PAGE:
The following is a map unit description from the "Soil Survey of Norfolk and Suffolk Counties, Massachusetts (Peragallo, 1989)"

PbD-Paxton fine sandy loam, 15 to 25 percent slopes, extremely stony. This is a very deep, moderately steep, well drained soil on tops and sides of upland hills. The soil is in oval or irregularly shaped areas that range from 6 to 100 acres. Stones 10 to 24 inches in diameter cover 1 to 15 percent of the surface.

Typically, the surface layer is very dark brown fine sandy loam about 3 inches thick. The subsoil is about 24 inches thick. It is yellowish brown fine sandy loam in the upper part and brownish yellow gravelly fine sandy loam in the lower part. The substratum is extremely firm and brittle, grayish brown gravelly sandy loam to a depth of 60 inches or more. In sortie areas the soil has a redder hue throughout.

Included with these soils in mapping are small areas of Charlton soils and extremely stony Montauk soils in positions on the landscape similar to those of the Paxton soil. Also included are areas of soils that have a firm, loamy sand substratum. Included areas make up about 10 percent of the map unit.

Soil properties:

Permeability: Moderate in the surface layer and the subsoil and slow or very slow in the substratum. Available water capacity: Moderate.

Soil reaction: Very strongly acid to moderately acid throughout.

Depth to bedrock: More than 60 inches.

Depth to the seasonal high water table: 1.5 to 2.5 feet.

Hydrologic group: C.

  • Most areas of this soil are woodland.
  • This soil is poorly suited to cultivated crops because of slope and stones on the surface. It is fairly suited to pasture. The main management concern is preventing overgrazing. Restricted grazing during wet periods helps to maintain plant densities and to reduce surface compaction. Large stones on the surface restrict the use of conventional farm equipment.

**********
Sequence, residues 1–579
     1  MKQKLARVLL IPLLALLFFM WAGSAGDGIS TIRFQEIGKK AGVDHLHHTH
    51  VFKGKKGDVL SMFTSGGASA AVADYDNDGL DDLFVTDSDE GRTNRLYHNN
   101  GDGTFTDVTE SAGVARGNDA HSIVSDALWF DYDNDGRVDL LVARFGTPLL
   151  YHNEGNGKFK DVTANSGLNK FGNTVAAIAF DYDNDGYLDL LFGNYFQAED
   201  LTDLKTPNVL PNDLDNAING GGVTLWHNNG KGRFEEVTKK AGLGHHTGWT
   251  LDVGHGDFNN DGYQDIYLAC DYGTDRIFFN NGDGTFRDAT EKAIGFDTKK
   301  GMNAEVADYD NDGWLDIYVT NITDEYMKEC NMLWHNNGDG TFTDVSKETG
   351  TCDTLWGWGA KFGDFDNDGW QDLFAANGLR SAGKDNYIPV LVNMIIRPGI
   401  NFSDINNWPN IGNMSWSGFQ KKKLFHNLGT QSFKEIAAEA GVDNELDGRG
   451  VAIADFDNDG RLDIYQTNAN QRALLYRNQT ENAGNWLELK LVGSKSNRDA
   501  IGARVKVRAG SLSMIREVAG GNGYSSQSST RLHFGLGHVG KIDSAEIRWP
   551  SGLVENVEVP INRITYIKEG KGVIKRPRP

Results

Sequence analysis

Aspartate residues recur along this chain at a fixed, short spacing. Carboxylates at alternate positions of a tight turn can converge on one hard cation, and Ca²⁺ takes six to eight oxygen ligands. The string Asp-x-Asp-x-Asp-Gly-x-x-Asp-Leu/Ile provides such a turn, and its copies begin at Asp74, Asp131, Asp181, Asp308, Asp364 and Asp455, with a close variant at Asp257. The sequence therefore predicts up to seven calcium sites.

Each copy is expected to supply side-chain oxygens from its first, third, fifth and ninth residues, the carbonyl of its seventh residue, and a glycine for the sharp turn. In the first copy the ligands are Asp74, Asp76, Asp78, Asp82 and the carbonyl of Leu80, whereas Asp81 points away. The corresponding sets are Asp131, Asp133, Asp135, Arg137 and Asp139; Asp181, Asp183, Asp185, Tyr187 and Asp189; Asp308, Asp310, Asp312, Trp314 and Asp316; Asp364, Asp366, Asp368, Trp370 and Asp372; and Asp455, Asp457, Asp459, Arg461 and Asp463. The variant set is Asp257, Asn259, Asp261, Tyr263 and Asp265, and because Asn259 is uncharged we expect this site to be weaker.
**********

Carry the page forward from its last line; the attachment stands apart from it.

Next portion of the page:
Potential productivity for northern red oak on this soil is moderate. Management concerns are slope and the hazard of erosion. Plant competition is moderate if conifers are grown. Constructing access roads and trails with grades between 2 and 10 percent and installing water bars help to control erosion. Minimizing soil disturbance and retaining the sponge-like mulch of leaves help to reduce runoff and to control erosion. Thinning crowded stands to accepted standard stocking levels allows more vigorous growth. In thinning operations it is important to remove diseased, poorly formed. and otherwise undesirable trees. Shelterwood cutting, seed-tree cutting, and clearcutting help to establish natural regeneration or to provide suitable planting sites. Removing or controlling competing vegetation allows best growth of newly established seedlings.

    Slope and large stones and boulders are the main limitations to use of the soil as building sites. Extensive land shaping is needed, and large stones and boulders generally limit excavation operations. Designing buildings and lots to conform to the natural slope of the land helps to overcome the slope limitation and to control erosion in disturbed areas. Slope and the presence of large stones and boulders are the main limitations for road construction. Large amounts of cut and fill are generally needed. The large stones and boulders generally limit excavation operations.

    Slope and slow or very slow permeability are limitations to use of the soil as sites for septic tank absorption fields. Permeability restricts the soil from readily absorbing effluent. Unless expensive and elaborate design is used, the effluent will surface. The large stones in the soil generally limit the installation of distribution lines. Soils that are better suited to use as septic tank absorption fields are generally nearby.

  • This soil is in capability subclass VIIs.
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